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Green Cincinnati Plan updates focus on water resilience and renewable energy

Solar panels in the Vine Street parking lot at the Cincinnati Zoo.


The City of Cincinnati is updating its Green Cincinnati Plan, which was first adopted in 2008 and then revised and readopted in 2013. City officials met with residents on Sept. 27 at the Cincinnati Zoo, also known as the greenest zoo in America, to present and take new recommendations to help improve Cincinnati’s sustainability.

Mayor John Cranley, who is supporting the plan from his own budget, began his presentation by saying, “I believe that climate change is real.” He continued to stress the importance of adaption, “We owe it to our kids and grandkids to do what we can to combat climate change. We have to do what we can in our corner of the world to live up to our moral responsibility to care for this earth.”

With over 250 people in attendance, the meeting was the largest climate change one yet. Three different task teams examined the main aspects of the plan: sustainability and managing and overcoming greenhouse gasses; equity and determining the costs and benefits of different areas of the plan; and resilience to climate change.

The themes will be used to evaluate sustainable improvements on energy, transportation, waste minimization, built environment, food, natural systems, education and outreach and resilience within the city.

Since its inception, the plan has been successful. Oliver Kroner, Cincinnati’s sustainability coordinator, explains that because of its success so far, the city is hopeful for the next updates.

It’s a high impact plan that focuses on many different areas: energy efficiency, renewable energy, transportation, reducing waste, land management, land use, food, water, outdoor recreation and nature awareness and climate adaptation.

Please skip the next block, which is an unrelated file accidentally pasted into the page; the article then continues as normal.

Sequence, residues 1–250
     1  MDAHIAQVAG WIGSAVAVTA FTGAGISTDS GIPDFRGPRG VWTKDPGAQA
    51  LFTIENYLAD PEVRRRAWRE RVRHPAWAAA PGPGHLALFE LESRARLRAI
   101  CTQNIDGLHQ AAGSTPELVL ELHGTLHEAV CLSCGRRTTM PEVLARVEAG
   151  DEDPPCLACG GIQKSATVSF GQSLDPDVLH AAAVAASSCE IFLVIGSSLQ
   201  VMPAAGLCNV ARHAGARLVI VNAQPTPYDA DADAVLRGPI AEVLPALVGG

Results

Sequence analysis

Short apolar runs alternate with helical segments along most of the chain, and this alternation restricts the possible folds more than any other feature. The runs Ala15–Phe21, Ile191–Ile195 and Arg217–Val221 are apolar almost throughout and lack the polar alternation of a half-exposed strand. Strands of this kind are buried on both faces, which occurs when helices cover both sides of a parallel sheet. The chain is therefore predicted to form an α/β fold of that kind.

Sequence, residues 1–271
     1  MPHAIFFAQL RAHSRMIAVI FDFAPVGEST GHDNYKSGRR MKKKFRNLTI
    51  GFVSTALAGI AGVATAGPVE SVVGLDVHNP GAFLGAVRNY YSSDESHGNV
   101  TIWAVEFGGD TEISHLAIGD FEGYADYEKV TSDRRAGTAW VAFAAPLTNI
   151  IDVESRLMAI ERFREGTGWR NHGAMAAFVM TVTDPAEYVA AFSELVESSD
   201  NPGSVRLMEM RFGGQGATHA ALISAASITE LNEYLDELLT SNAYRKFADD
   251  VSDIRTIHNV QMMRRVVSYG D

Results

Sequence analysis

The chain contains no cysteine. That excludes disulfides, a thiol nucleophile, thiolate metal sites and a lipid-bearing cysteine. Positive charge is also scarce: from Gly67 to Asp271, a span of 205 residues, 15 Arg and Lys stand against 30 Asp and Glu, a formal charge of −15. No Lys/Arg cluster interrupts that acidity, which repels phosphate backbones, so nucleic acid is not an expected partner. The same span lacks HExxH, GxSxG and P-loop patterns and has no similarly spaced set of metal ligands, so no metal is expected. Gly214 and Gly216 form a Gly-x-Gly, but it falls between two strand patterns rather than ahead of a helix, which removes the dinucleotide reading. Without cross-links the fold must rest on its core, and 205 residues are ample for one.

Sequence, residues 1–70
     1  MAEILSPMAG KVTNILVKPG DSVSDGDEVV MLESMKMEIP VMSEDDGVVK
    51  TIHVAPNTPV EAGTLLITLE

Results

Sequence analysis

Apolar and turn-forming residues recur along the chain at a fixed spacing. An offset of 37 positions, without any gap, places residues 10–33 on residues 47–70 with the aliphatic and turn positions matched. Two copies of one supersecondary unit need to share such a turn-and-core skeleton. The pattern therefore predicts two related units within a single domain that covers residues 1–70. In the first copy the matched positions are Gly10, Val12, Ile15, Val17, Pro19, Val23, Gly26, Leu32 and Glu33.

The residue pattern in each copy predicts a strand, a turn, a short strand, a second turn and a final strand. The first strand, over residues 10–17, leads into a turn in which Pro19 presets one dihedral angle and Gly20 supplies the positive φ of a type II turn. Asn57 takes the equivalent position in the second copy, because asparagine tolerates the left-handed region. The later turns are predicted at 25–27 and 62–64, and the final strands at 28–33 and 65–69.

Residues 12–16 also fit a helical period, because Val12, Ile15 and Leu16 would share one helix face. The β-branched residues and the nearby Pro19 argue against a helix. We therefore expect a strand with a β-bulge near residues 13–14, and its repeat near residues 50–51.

The plan will work for the city as a whole, but part of the updates include a neighborhood vulnerability assessment to predict climate change impacts. As storms increase, the city desires to strengthen resilience — water management has been a major issue, and some neighborhoods are more vulnerable than others.

“The city has already had to pay $50 million in damages from storms just this year,” Kroner explains. “The updated plan focuses on resilience planning, recognizing changes and what we need to do to adapt.”

Another major update to the plan includes a new solar installation. “The goal is to build the largest city-owned solar energy array,” Kroner says.

This initiative will take advantage of city-owned properties at Lunken Airport, Greater Cincinnati Water Works and the Center Hill landfill.

According to Cranley, the proposed solar panels are enough to produce 25 mega watts of energy, which is the equivalent of 33 million kilowatt hours per year. That's enough to power 3,400 homes and could cover 20 percent of the city’s total energy.

By 2035, the city hopes to convert to 100 percent renewable energy.

Now that the event is over, the City is quantifying impacts and evaluating recommendations in preparation for the next climate change meeting, which will be held the week of Nov. 13.
 

Read more articles by Emily Dillingham.

Emily Dillingham is a Cincinnati native and University of Cincinnati graduate with degrees in English and Geology. She writes full-time for a local material science company and lives in Brighton with her husband and pack of dogs. Follow her on Instagram @keeperoftheplants
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